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the poor man lived and died in the conviction that astro

were ashamed to confess their error. Now the essential point, rarely explained in popular books, is, that if the earth were of exactly the same shape it is now, but did not turn on its axis, then degrees of latitude at and near the pole would really be shorter than those at and near the equator ; but the bulging out at the equator is caused by the rotation, owing to centrifugal force diminishing the force of gravity there, and causing the true sphere, which gravity would produce in a non-rotating fluid or flexible mass, to be changed into a spheroid of greater diameter at the equator, where the rotating motion is swifter, and therefore the centrifugal force greater. The surface will therefore become a surface of equilibrium, due to the two forces everywhere acting upon it, and the direction of a plumb-line will be also determined by the same two forces, and will necessarily be at right angles to that surface. It follows that as the curvature along a meridian is more rapid near the equator than that of a sphere of the mean diameter of the earth, and less rapid or flatter near the poles, therefore two or more plumblines near the equator will meet at a point nearer than the geometrical centre of the earth, while those near the poles will meet at a point beyond the geometrical centre, and therefore the degrees near the latter, being measured on a circle of longer radius, will be longer than those near the equator. It appears, then, that the problem is not a geometrical one, as the mere statement of the fact seems to make it, but one of mechanics and the laws of motion, and what we really measure is the amount of curvature on different parts of the earth's surface, not an equal angle measured from its centre, which is what the term “degree" usually and properly

From this point of view the astronomers are all wrong, since they use the term “degree” of latitude in a technical sense, which is not its geometrical meaning, and they very rarely explain this to their readers. Degrees of latitude are dynamical, not geometrical quantities.

This rather long digression may be considered to be out of place, but it is given in order to illustrate the steps by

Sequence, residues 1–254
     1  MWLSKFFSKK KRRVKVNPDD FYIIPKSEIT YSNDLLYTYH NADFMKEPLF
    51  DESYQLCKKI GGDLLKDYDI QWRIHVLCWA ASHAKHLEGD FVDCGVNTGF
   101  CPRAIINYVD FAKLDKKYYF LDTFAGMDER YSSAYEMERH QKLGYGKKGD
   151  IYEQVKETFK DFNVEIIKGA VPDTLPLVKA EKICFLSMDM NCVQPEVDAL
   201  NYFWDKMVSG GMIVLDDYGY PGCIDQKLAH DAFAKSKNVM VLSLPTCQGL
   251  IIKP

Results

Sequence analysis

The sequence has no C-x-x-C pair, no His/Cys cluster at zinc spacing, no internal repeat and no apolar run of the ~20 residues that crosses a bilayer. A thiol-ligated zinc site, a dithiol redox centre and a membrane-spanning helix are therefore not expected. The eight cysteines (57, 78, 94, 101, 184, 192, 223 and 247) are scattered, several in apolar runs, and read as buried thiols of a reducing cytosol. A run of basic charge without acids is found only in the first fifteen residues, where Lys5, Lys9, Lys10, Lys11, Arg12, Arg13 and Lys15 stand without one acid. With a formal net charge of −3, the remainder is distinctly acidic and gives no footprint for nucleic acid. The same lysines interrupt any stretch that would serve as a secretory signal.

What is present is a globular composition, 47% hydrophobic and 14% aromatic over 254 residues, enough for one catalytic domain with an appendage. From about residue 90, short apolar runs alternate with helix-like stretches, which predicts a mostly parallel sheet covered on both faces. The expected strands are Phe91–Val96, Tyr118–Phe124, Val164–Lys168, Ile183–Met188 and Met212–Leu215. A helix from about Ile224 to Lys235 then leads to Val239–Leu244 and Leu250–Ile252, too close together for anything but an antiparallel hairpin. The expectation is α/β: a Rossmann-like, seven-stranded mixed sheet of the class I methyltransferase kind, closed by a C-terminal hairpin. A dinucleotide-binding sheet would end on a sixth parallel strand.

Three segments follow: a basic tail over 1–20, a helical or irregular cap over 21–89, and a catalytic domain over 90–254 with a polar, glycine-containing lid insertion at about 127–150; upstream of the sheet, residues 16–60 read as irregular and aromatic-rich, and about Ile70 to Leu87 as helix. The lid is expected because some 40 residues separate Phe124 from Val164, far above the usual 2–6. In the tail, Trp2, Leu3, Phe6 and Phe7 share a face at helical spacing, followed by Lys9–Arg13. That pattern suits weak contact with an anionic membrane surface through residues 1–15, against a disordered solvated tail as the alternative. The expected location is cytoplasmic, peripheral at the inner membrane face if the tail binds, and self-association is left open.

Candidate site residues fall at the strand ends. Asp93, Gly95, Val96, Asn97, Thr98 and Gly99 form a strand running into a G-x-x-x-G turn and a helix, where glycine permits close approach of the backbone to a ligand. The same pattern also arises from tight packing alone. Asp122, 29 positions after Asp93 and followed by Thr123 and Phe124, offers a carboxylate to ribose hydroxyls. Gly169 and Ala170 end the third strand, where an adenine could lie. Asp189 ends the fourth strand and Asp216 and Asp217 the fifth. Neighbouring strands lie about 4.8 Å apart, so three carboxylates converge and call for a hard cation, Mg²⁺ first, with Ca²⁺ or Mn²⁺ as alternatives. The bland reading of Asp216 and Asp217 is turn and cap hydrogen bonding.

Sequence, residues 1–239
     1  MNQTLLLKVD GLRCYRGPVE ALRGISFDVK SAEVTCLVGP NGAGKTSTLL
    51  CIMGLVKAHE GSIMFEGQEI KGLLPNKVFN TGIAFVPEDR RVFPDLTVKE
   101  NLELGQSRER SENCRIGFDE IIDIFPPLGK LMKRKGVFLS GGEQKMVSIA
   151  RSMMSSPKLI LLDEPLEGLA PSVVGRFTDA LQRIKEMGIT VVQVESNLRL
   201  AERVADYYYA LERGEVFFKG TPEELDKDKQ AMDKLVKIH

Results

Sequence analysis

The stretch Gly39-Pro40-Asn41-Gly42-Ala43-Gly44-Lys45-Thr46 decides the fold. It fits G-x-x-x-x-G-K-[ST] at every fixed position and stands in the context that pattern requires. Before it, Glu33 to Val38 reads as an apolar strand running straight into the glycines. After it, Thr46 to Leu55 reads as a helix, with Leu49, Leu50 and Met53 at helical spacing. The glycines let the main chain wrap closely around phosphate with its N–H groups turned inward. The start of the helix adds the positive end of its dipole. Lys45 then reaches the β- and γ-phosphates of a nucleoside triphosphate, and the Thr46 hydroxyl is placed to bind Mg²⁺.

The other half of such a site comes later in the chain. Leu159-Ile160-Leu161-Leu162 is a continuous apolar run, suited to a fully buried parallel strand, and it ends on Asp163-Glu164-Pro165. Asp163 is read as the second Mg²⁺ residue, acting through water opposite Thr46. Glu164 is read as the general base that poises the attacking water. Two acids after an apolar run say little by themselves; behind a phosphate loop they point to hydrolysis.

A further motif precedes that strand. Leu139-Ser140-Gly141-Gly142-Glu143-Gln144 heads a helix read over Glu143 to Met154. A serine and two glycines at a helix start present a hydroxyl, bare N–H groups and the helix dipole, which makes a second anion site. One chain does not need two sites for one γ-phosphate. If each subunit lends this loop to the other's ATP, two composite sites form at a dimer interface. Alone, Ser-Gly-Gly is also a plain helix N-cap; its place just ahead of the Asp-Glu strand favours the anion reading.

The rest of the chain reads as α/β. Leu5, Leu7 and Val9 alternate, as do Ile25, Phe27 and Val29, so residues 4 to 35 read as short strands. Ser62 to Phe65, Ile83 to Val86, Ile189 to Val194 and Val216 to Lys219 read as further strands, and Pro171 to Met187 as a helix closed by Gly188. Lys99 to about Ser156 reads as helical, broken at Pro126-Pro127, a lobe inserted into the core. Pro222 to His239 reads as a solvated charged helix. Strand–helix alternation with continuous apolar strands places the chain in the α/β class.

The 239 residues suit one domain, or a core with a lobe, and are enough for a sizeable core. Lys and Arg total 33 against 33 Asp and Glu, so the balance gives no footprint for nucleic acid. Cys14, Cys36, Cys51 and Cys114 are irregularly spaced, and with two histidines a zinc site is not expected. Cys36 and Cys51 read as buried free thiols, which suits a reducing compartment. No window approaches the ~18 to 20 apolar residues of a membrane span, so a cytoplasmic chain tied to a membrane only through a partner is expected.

which I gradually acquired confidence in my own judgment, so that in dealing with any body of facts bearing upon a question in dispute, if I clearly understood the nature of the facts and gave the necessary attention to them, I would always draw my own inferences from them, even though I had men of far greater and more varied knowledge against me. Thus I have never hesitated to differ from Lyell, Darwin, and even Spencer, and, so far as I can judge, in all the cases in which I have so differed, the weight of scientific opinion is gradually turning in my direction. In reasoning power upon the general phenomena of nature or of society, I feel able to hold my own with them; my inferiority consists in my limited knowledge, and perhaps also in my smaller power of concentration for long periods of time.

With Huxley also I felt quite on an equality when dealing with problems arising out of facts equally well known to both of us; but wherever the structure or functions of animals were concerned, he had the command of a body of facts so extensive and so complex that no one who had not devoted years to their practical study could safely attempt to make use of them. I therefore never ventured to infringe in any way on his special departments of study, though I occasionally made use of some of the results which he so lucidly explained.

One of my near neighbours while I lived in London was Dr. W. B. Carpenter, the well-known physiologist and microscopist, and a voluminous writer on various branches of natural science. I often called on him in the evening, when I usually found him at work with his microscope, and he always took pleasure in showing me some special structure or some obscure organism, and explaining the nature of what I saw. The great controversy was then at its height as to the alleged animal nature of a substance found in the Laurentian formation of Canada, supposed to be the oldest of all the stratified rocks. Dr. Carpenter maintained that it was a low form of Foraminifera, a group of which he had made a special study. This supposed organism had been named by Sir William

Dawson, the geologist, Eozoon Canadense, and he was supported in his view by Dr. Carpenter, to whom he sent the finest procurable specimens. By making sections in various directions, and by the knowledge he possessed of the minute structure of living and fossil Foraminifers, he arrived at his conclusions; while other observers declared that this supposed primitive organism was entirely of mineral origin, and that all the apparent details of organic structure were deceptive. Dr. Carpenter showed me these specimens, and pointed out the details of structure on which he relied, but having no knowledge of the actual structures with which he compared them, I could myself see nothing sufficiently definite to settle such an important question. The discussion went on very fiercely for years, but the general opinion now is that all the appearances are due to forms of crystallization in these very ancient metamorphic rocks. Dr. Carpenter was also at work on the anatomy and physiology of the Crinoidea or sea-lilies, on which he published some important papers, and these, too, he would dilate upon and explain, though not much to my enlightenment.